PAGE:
The PM, it seems, has been saved for now at least not by anything he's done but by an atmosphere of weary resignation that has taken over much of his party.Robinson has, to be fair, recognised that this is the equivalent of the Michael Fish 'no hurricane' forecast just before the south of England was hit by a, well, hurricane. Gordon Brown is now in deep trouble, with up to 23 backbench MPs doing to him what he did to Tony Blair, that is to create an environment where he can no longer function as Prime Minister regardless of what the party rulebook says. Labour's arcane system requires 70 odd MPs to precipitate a leadership contest, but the current rebellion calculates that far fewer than that number can put Gordon Brown under enough pressure that he goes. His options are limited: cannot ask for loyalty, because he showed none to Tony Blair; he cannot rely on his electoral mandate within the Labour party, because he and his cronies engineered it so that there was no election. All that is left is force and so far, the response to the rebels has been brutal, with sackings from whatever position held for the crime of, wait for it, asking for a ballot paper as allowed under Labour Party rules. It also begs the question of how the names of the requesters have become know to Gordon's operation, and that is the subject of much debate in online political circles. These heavy-handed tactics might keep Gordon in position in the short term, but they come at a cost of moral authority both within the party and the country.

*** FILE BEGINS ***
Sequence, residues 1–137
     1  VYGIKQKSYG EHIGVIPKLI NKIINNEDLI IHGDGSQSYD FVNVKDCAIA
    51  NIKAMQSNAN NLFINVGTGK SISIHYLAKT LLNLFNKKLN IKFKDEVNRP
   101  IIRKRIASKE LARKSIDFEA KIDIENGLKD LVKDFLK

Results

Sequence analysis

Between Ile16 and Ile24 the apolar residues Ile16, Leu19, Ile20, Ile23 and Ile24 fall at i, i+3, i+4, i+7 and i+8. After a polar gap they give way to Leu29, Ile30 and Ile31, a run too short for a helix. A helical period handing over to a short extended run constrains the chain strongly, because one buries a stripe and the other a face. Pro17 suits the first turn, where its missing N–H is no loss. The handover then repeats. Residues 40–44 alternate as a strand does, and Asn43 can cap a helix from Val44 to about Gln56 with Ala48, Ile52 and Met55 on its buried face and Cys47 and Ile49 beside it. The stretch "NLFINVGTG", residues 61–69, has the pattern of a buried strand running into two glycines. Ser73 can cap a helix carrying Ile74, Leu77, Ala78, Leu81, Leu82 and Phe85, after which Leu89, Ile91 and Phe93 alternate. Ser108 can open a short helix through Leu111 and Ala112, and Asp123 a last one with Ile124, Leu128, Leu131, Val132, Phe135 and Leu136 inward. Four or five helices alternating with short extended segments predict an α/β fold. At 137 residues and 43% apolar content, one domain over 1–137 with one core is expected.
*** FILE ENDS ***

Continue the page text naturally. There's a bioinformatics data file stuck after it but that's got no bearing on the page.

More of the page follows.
Politically, Gordon Brown is finished, but at this rate he will drag down his party too. Margaret Thatcher and Tony Blair stood aside because, ultimately, they were not prepared to do that. Does Gordon have that sense of historical perspective and moral courage, or is he a dictator who cares not what comes after him as his foes close in on his bunker. If it is the latter then the focus of history has become needle sharp on the events of the next few days. Always remember that political parties can die.